Tech-oriented business incubators and accelerator programmes are opening their doors across Africa. Research by the World Bank has estimated that over 90 incubators exist on the continent, and for the past few years countries such as Kenya, South Africa and Nigeria have been the focal point of Africa’s inaugural incubator programmes. However, increasingly, accelerators are arriving in places as diverse as Rwanda and Cameroon, encouraging Africa’s less-heard-of entrepreneurs to step into the limelight – Gabriella Mulligan.
One such incubator is Rwanda’s kLab, based in Kigali, whose mission is to promote entrepreneurs developing ICT-enabled solutions by providing a network through which kLab members can flourish.
According to general manager Claudette Irere, the advent of incubators has ushered in a generation of vibrant entrepreneurs solving real on-the-ground challenges faced in Rwanda.
“Before the era of incubators, the entrepreneurial ecosystem in Rwanda was almost unseen and unheard of especially in the IT sector. But now, new startups are rising everyday and not just ghost startups but businesses geared towards solving challenges faced in our day to day lives. Incubators are exposing these new entrepreneurs to the opportunities and challenging environments at the same time equipping them with the right skills,” Irere tells Appsafrica.com.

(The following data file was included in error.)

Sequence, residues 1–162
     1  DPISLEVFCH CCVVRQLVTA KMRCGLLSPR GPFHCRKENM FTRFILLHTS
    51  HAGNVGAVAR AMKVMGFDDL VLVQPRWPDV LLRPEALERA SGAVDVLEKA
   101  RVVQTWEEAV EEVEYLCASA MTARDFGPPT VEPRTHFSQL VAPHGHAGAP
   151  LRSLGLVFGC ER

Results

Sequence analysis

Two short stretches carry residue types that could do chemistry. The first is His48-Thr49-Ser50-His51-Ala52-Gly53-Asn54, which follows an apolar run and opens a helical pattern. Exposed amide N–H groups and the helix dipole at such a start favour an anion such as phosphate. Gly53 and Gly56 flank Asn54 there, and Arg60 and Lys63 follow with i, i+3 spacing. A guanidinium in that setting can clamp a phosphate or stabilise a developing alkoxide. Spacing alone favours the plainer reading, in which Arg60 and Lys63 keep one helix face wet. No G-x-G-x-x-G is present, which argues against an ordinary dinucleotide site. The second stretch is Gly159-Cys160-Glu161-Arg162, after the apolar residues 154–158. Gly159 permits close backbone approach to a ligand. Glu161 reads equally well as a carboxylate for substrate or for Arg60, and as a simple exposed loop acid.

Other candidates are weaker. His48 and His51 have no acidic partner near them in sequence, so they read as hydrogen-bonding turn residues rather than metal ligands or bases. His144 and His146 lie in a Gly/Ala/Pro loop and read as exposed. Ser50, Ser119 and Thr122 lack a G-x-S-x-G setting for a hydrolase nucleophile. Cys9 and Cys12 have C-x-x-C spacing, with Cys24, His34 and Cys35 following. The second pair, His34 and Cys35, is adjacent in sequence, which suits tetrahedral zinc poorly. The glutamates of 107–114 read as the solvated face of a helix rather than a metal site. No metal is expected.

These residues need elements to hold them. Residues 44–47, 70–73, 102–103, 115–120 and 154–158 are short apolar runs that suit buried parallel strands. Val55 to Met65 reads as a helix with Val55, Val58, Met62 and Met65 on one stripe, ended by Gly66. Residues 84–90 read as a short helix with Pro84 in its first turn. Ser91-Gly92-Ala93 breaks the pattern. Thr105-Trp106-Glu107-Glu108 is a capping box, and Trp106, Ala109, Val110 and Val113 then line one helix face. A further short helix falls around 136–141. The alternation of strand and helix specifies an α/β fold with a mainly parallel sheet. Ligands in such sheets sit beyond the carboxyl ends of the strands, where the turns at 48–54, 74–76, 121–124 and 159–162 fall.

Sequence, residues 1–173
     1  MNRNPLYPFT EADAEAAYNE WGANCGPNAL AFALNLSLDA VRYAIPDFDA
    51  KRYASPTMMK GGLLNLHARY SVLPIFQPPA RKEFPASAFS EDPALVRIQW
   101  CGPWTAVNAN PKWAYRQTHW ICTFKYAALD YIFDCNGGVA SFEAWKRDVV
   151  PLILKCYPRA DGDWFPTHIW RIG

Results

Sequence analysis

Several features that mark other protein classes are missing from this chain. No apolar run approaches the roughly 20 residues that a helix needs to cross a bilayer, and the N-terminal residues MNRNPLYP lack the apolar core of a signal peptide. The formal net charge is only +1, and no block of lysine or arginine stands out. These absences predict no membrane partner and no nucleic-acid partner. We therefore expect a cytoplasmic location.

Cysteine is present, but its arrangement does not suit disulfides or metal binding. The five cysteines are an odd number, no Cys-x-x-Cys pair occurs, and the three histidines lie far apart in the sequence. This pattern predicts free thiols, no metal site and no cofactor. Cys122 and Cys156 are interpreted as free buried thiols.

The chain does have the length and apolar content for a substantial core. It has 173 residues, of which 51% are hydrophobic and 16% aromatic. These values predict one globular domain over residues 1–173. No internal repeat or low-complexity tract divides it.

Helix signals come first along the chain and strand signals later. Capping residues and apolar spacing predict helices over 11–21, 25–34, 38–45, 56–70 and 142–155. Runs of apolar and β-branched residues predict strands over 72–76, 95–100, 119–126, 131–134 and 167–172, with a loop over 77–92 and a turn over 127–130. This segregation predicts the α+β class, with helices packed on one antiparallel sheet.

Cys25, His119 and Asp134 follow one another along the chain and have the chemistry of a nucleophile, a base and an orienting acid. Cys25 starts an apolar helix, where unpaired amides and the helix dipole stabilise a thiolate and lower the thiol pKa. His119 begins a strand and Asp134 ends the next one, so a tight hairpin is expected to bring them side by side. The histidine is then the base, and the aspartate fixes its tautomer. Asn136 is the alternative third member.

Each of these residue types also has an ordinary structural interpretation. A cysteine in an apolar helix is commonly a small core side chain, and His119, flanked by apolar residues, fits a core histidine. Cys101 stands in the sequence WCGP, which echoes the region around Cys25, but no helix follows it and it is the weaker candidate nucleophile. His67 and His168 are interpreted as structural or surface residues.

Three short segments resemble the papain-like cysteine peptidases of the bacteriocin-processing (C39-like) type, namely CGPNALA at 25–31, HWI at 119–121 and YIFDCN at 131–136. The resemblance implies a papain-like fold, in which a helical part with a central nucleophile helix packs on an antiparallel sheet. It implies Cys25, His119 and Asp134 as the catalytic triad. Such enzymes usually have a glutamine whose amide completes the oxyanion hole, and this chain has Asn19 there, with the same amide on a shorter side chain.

kLab believes the role of an incubator is to take in people with ideas, and help them exit with viable, investable businesses.
“kLab wants to be the ground that will allow seeds to grow- a catalyzer, a fertilizer and a transformer. kLab’s role is to simply provide a platform for ideas to grow into businesses,” Irere said.
With this in mind, Irere says kLab takes a different approach to each entrepreneur, providing varying levels of input and assistance according to the needs and business phase reached by each startup.
For example, she says people who need to do market research will be helped to reach out to their customers and clients; while mentors are matched with tenants on request and depending on what is challenging the individual business.
kLab prides itself of being a community of entrepreneurs, and believes it is people that are the most important resource for building the entrepreneurial sector in Rwanda – and the biggest asset of an incubator.
“The kind of community that we have is young and dynamic, speaking almost the same language of entrepreneurship. Our major focus is interactivity among members and so we created an inclusive environment where members are not strangers but friends and potential business partners and co-founders.”
According to Irere, supporting entrepreneurs is of paramount important as it is entrepreneurs that will “make” Rwanda’s economy. She says entrepreneurship is already on the rise in the small East African country.
“Entrepreneurs are what will make Rwanda a private sector-led economy. Entrepreneurs are the ones expected to change the status quo with disruptive business models. Rwanda is highly populated, landlocked and no substantial resources. The resources are always going to be the people,” she said.